Two Islamic terror suspects released in Canada

Mahmoud JABALLAH — a suspect in the 1998 embassy bombings in Kenya and Tanzania

Mohamed Zeki MAHJOUB — a former employee of Osama bin Laden

“Children and innocent people were blown to pieces.” Public Safety Minister Stockwell Day, regarding the 1998 bombings in Kenya and Tanzania citing JABALLAH’S involvement.

14 April 2007: Two of 5 Muslim illegal immigrants who spent several years fighting deportation attempts, considered to be threats to Canadian security and detained under Canadian federal security certificates were released this week in separate federal court rulings.

Mohamed Zeki MAHJOUB, 47 a member of the Egyptian Islamic terror group the “Vanguards of Conquest,” and who once ran a farming operation in Sudan for al Qaeda terror leader Osama bin Laden, and Mahmoud JABALLAH, a suspect in the 1998 embassy bombings in Kenya and Tanzania, were released from detention under the Canadian federal security certificate law. Canadian Public Safety Minister Stockwell Day has concerns over the release of both suspected terrorists, although was quoted by The Globe and Mail, “We will respect the court ruling and hope that the [house-arrest] safeguards will be enough to keep Canadians safe,”

The case of Mohamed Zeki MAHJOUB-

Of all Canada’s terrorism suspects, Mohamed Zeki MAHJOUB, 47 has the most definitive ties to Osama bin Laden and al Qaeda. Before being granted refugee status in Canada in 1996, MAHJOUB ran a large farming operation for bin Laden in Sudan, at a time when bin laden would have been present at the installation. Although MAHJOUB has never been accused of taking part in any specific terrorist act, the Canadian Security Intelligence Service (CSIS) has asserted that MAHJOUB was part of an Egyptian terror group known as the Vanguards of Conquest and associated with other Islamic terrorists and terror organization. He has been reportedly involved with “a Canadian al-Qaeda financier and an Iraqi identified by the U.S. 9/11 Commission as al-Qaeda’s ‘principal procurement agent for weapons of mass destruction.’”

MAHJOUB was released to his wife Mona EL FOULI in Toronto Thursday, and will be under a “strict form” of house arrest. Although the media was not granted access to MAHJOUB, he was observed at his Toronto apartment through the doorway, sitting in the living room with his hands on his knees. He wore an off-white Islamic tunic and his beard came down to his stomach.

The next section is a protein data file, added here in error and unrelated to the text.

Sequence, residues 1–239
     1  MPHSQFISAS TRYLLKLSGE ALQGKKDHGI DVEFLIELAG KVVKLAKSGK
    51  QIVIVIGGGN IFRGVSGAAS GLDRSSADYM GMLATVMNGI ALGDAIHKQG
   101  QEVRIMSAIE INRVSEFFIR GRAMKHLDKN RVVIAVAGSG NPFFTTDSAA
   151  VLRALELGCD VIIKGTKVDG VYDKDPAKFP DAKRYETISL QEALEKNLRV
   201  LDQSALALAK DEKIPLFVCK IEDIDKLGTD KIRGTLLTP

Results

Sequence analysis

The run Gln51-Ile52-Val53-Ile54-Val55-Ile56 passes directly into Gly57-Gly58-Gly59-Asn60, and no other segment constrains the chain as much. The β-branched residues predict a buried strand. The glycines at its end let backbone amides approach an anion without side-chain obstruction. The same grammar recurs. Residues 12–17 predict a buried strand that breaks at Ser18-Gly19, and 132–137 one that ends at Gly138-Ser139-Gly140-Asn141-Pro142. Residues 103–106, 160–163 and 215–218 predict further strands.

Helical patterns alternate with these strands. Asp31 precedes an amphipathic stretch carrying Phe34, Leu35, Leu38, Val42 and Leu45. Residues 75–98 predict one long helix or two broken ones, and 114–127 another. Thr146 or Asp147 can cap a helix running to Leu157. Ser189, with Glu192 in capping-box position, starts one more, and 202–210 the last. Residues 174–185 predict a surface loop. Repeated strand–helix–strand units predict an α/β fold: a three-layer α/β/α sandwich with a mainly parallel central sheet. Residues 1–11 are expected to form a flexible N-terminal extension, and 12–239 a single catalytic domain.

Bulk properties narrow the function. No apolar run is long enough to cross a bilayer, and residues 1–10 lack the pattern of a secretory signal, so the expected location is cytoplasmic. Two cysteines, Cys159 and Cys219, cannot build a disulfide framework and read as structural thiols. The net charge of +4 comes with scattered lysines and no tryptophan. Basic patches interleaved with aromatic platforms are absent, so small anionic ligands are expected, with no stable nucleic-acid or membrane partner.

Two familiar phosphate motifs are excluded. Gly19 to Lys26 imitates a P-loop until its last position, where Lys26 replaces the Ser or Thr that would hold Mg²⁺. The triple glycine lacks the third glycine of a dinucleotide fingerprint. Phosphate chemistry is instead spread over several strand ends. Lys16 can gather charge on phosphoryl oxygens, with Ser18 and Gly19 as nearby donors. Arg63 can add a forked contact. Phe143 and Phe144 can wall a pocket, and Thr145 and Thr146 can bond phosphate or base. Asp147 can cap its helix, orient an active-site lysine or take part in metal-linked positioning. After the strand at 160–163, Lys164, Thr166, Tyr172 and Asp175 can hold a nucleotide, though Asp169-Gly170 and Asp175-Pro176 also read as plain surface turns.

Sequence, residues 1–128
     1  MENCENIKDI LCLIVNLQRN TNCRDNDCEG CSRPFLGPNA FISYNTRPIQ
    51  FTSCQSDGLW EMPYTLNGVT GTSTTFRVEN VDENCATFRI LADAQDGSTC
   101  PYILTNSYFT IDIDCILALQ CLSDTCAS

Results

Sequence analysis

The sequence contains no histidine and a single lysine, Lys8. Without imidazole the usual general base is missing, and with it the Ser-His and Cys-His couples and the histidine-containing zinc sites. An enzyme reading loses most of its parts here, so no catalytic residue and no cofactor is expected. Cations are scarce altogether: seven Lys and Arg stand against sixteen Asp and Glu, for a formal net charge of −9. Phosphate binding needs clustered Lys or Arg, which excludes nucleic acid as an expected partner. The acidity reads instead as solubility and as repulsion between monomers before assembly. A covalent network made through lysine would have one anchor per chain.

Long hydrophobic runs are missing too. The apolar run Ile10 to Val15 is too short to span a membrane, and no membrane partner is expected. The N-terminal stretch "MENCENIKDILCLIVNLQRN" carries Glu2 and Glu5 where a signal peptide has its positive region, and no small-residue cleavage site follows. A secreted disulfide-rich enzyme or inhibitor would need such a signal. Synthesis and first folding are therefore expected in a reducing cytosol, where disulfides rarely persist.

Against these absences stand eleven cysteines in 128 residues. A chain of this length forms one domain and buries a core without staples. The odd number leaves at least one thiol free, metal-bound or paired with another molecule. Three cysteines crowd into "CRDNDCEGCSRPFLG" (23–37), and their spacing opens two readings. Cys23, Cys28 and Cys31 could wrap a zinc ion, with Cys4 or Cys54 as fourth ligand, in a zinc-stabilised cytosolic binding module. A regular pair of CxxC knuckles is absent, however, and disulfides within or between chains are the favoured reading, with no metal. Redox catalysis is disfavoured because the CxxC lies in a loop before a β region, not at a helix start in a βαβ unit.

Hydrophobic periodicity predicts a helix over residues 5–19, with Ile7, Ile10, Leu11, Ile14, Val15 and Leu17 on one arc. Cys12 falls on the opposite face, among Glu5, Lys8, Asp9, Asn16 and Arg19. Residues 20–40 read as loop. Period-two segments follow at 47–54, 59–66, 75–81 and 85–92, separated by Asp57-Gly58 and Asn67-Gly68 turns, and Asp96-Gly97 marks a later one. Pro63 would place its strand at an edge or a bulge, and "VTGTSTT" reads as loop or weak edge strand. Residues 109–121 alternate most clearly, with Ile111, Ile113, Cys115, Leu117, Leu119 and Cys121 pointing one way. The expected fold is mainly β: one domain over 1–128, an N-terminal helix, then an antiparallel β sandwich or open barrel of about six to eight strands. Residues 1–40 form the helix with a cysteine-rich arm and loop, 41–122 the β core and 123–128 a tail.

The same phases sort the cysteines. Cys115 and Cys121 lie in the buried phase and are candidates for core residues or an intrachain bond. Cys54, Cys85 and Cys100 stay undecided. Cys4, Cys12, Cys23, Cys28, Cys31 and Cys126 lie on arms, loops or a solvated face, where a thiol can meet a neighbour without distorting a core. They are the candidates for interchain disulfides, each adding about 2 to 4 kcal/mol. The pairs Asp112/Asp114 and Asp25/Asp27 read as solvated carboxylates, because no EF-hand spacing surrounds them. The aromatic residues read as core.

Canada Border Services Agency will monitor MAHJOUB with a GPS ankle bracelet and through video cameras and phone taps at his house. Authorities will also follow the suspect whenever he is permitted to leave his residence.

The case of Mahmoud JABALLAH

Despite “reasonable grounds to believe that Mr. JABALLAH was a senior member of [Egyptian al-Jihad] who acted as a communicator among terrorist cells of the AJ and al-Qaeda” at the time of the deadly 1998 al-Qaeda bombings in Africa, Mahmoud JABALLAH, an Egyptian terrorism suspect, was released from custody yesterday and reunited with his family in Toronto, Ontario. JABALLAH is one of five immigrant suspected Islamic terrorists, and “Islamists considered to be threats to Canadian security” who have been held on Canadian “security certificates.” Instead of detention, JABALLAH will be placed under strict “house arrest,” although his de-facto warden will be none other than his wife, Husnah Al-MASHTOULI, an individual who has previously lied to officials and the courts about her husband’s activities and associations with Islamic terrorists and terrorist groups.

Beginning in 1999, the Canadian government has attempted to use the federal security-certificate process to deport JABALLAH from Canada. Failing that, JABALLAH was arrested in 2001 and has been held in a Kingston prison, although was never formally charged with any crime. Consequently, JABALLAH was released after a 62-page bail decision was filed by Canadian Madame Justice Carolyn Layden-Stevenson. According to published accounts, Judge Layden-Stevenson addressed the issue of security-certificate cases, noting that they rely on “reasonable suspicion” and not criminal standards of proof necessary to detain individual suspects.

At issue are JABALLAH’S late-1990s phone records. It was revealed that JABALLAH made 72 telephone calls to Yemen, 47 calls to Azerbaijan, 75 calls to a known al Qaeda front in London, England, and another 20 calls to the United Kingdom, Yemen, Azerbaijan, and Pakistan, all within a 48 hour period. Officials who interviewed JABALLAH stated that he has been uncooperative, and never “offered any explanation” for the calls that strongly suggest either direct involvement or complicity in Islamic terrorism operations where hundreds of people were murdered.

Speaking to the Canadian media, Public Safety Minister Stockwell Day said that he remains disturbed by Mr. Jaballah’s presence in Canada. “The court has agreed with the evidence that suggests that Mr. Jaballah had active participation from within Canada of the 1998 bombings in Kenya and Tanzania,” adding that “Children and innocent people were blown to pieces.”

Although JABALLAH has been released to the “watchful eyes” of his wife, his house arrest will be strict, his communications will be closely monitored and federal agents will follow him whenever he leaves his home.